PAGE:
Editor’s note: David Krumboltz’s regular column is on hiatus until further notice due to the COVID-19 pandemic. In its place, we’re running some of Dave’s favorite past columns. This one originally ran in September 2017.
Yes, there were men named Herbert Austin and Donald Healey. One might think the two industrialists got together and agreed to build snazzy sports cars like this issue’s 1961 Austin-Healey 3000. But that’s not the way it happened. Herbert Austin’s first car was built in 1895, and he later formed the Austin Motor Co. in 1905. Austin built all sizes of cars, but to increase market share he introduced smaller cars. England had laws that taxed car owners by engine size, encouraging smaller cars with smaller engines. Austin Motor Co. disappeared when they merged with Morris Motors in 1952 to become the British Motor Corp.
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Donald Healey was into racing and a noted auto designer. He formed the Donald Healey Motor Co. in 1945, designing and building expensive, high-quality cars. After World War II, a lot of U.S. servicemen bought MGs or Jaguars to bring home. But there was nothing in between. Donald Healey saw a niche to fill, so he started producing midpriced cars back in the 1950s using the Austin power train. In addition to Austin, Healey also designed the Elliot-Healey, the Nash-Healey and the Jensen-Healey for other auto companies.
Antioch resident Pete Davies had been trying to buy this particular 1961 Austin-Healey for years. It was owned by one of his parents’ neighbors in Danville. It had been the neighbor’s and his wife’s car through college, and there was a lot of sentimental value there. It had been stolen from him twice but recovered both times.
“I found out about it in ’85 and went over to ask him about it and told him if he were ever interested in selling it to let me know,” Davies explained. “I would ask him once or twice a year if he were ready to sell it. Always ‘no.’ Meanwhile, the car was sitting outside in the weather deteriorating. The owner had planned to restore it ‘someday,’ but he didn’t have the knowledge, the facilities or the money.”
Davies kept asking, and finally one day the neighbor said he would sell it.
“He went in to tell his wife he was going to sell it to me but came out a half-hour later and said he couldn’t sell to me. ‘My wife won’t let me,’ he said. This went on for several more years, then one day I was talking to his son, who said, ‘Let me work on this.’ ”
About two months later, in 2011, Davies bought the car for $3,000. Three days after the purchase, Davies showed up with a trailer to pick up the Austin-Healey.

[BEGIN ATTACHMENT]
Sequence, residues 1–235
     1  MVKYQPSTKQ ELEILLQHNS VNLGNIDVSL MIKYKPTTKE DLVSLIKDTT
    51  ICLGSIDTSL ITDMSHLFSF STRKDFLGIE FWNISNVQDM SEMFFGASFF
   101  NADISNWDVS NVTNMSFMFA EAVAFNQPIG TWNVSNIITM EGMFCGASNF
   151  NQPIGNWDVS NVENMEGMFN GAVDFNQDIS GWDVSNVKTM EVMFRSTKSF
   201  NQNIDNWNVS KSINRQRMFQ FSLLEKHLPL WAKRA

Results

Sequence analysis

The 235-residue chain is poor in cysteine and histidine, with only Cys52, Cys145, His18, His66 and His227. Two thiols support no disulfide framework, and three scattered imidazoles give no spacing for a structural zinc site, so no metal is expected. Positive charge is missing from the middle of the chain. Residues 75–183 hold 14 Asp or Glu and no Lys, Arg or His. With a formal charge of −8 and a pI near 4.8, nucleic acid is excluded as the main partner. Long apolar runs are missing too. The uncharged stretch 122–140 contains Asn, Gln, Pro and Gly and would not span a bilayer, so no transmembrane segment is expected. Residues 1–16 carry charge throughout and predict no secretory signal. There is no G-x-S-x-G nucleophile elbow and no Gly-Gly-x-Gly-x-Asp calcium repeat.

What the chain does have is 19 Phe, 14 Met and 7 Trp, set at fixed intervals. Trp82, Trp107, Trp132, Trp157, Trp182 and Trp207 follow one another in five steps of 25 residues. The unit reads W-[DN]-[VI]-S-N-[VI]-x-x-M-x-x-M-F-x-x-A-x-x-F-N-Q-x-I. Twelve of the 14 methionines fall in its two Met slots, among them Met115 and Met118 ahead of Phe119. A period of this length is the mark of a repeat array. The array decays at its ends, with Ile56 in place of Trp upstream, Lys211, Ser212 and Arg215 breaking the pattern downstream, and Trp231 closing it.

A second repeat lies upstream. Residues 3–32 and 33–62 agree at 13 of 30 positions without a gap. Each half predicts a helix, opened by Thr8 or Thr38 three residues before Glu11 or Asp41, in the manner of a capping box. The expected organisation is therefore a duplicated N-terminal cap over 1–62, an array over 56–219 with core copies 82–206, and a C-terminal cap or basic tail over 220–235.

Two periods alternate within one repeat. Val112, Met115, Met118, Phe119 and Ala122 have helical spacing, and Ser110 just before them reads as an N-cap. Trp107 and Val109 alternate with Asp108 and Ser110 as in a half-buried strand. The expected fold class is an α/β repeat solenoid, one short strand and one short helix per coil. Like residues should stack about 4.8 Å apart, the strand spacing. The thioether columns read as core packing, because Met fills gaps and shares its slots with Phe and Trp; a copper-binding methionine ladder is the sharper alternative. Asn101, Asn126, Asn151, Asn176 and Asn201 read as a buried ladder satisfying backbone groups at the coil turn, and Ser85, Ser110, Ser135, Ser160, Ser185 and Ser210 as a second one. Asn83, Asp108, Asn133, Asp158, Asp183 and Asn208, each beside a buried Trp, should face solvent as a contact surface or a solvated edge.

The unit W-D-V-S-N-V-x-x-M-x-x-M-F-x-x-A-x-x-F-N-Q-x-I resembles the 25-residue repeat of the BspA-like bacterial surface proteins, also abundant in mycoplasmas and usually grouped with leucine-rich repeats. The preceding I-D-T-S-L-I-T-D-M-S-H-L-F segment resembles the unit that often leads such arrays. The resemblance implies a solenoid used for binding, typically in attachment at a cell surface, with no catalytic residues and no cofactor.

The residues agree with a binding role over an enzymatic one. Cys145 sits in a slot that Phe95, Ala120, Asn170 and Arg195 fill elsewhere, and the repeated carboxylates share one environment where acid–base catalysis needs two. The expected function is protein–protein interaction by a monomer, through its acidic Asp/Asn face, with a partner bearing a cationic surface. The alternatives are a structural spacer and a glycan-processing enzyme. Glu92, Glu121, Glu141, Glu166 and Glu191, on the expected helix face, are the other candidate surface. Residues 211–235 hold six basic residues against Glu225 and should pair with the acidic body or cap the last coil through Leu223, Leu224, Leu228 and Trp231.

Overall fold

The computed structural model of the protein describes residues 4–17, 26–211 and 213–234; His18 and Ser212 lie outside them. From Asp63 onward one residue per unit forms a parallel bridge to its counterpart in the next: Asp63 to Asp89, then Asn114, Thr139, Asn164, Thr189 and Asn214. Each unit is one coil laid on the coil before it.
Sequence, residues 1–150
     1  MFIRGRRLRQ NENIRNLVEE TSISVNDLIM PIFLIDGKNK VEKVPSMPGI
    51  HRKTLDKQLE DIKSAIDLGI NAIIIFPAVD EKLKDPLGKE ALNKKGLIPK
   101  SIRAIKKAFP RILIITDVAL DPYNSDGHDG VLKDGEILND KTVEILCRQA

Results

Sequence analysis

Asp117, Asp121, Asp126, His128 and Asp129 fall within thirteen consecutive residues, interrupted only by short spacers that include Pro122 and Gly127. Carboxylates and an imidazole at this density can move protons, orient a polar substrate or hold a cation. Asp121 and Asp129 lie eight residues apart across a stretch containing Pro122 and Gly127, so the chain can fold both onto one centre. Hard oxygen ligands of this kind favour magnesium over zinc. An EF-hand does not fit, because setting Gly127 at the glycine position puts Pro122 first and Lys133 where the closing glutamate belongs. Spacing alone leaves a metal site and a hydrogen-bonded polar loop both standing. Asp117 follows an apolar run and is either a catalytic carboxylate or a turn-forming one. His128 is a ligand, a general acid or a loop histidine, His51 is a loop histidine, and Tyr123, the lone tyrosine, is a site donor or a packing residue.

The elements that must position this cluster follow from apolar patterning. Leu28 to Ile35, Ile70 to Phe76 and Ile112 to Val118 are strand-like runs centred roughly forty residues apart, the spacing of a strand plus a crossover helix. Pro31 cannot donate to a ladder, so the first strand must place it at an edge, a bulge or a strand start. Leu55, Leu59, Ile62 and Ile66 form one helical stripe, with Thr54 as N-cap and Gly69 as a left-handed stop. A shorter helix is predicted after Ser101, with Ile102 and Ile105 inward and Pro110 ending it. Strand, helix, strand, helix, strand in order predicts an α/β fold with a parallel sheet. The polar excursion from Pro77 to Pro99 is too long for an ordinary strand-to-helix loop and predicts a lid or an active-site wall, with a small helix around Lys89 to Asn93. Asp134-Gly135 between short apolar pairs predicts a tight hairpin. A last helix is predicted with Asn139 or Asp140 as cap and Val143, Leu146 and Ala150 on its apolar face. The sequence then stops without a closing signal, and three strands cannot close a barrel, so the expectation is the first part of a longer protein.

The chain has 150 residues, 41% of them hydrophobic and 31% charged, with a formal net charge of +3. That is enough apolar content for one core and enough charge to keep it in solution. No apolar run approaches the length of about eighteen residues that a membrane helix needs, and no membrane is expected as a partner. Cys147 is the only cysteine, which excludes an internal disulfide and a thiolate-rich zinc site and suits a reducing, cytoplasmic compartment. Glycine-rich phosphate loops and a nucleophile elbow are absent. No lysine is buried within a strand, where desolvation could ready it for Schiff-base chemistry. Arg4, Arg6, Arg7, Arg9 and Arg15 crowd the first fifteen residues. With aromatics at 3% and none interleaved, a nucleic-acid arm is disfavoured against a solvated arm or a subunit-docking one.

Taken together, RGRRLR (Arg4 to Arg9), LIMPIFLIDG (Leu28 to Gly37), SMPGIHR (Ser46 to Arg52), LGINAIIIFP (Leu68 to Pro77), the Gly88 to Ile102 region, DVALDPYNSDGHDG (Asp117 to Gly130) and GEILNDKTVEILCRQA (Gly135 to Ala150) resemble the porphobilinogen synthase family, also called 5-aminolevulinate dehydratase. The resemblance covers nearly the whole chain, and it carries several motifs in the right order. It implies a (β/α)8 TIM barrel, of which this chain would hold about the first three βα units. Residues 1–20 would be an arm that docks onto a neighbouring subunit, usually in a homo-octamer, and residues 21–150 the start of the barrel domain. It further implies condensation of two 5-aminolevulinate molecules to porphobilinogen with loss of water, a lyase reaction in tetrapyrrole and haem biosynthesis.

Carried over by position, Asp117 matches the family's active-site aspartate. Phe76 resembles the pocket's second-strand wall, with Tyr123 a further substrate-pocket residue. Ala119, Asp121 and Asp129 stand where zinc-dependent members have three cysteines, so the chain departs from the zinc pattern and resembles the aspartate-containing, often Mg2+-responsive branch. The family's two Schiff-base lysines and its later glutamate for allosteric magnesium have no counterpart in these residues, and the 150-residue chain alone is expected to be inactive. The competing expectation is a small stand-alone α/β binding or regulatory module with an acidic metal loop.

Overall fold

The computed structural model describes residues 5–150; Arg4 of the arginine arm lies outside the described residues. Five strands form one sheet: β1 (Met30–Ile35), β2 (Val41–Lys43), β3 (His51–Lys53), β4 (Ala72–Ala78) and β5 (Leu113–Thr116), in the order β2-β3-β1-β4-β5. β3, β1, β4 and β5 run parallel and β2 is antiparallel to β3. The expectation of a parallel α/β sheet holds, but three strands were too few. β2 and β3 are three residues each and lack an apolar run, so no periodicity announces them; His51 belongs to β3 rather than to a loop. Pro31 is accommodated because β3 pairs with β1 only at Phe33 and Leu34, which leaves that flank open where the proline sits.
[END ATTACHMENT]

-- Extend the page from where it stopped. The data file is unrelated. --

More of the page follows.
“It was a mess,” he said. “Thirty years sitting outside. I opened the trunk, and three rats stood up. The smell was awful. It was disgusting. I brought it home and sat on it for about a year.”
This is Davies’ hobby. He has restored eight vehicles, but this one is special. He too had some sentimental attachment to Austin-Healey.
“I had one out of high school but sold it to a buddy. About three years later, I got another one but had to sell it for financial reasons (a baby). I swore I would have another one someday.”
It took him five years to turn a stinking mess into a beautiful car that’s now really better than when it was new.
“Other than the paint and upholstery, I did all the work myself. I did all the metal work and all the mechanical work.”
And he did everything in his home garage.
“I built a rotisserie, which is a framework that supports the car. You can lift it up and spin the whole car so you don’t have work flat on your back.” He finished the restoration in February of 2017.
“It’s all Austin-Healey,” Davies said. “It has a 2900 cc (cubic-centimeter) inline six (-cylinder engine). It’s a boat anchor for a motor, it weighs more than a small block Chevy V8. The horsepower is around 135, and it has a four-speed manual transmission with an electric overdrive.”
There is a small toggle switch on the dashboard that used to engage the overdrive in either third of fourth gear. Davies and a friend, James Creston, who makes custom guitars, made the spectacular curly maple wood dash and steering wheel.
“I just wanted to add a little richness to the car without losing its originality,” Davies said modestly.
He used the standard Austin-Healey gauges and switches so that it looks original but much nicer. After five years, Davies’ Austin-Healey is already a show winner. Painted a rich cranberry red with white leather interior, it’s also a head-turner. His $3,000 investment has blossomed to about $25,000, which doesn’t include his five years of sweat equity. He estimates the current market value at more than $85,000, but he has no intention to sell, which pleases his adult daughter, who has her own plan.
Have an interesting vehicle? Contact David Krumboltz at [email protected] To view more photos of this and other issues’ vehicles or to read more of Dave’s columns, visit mercurynews.com/author/david-krumboltz.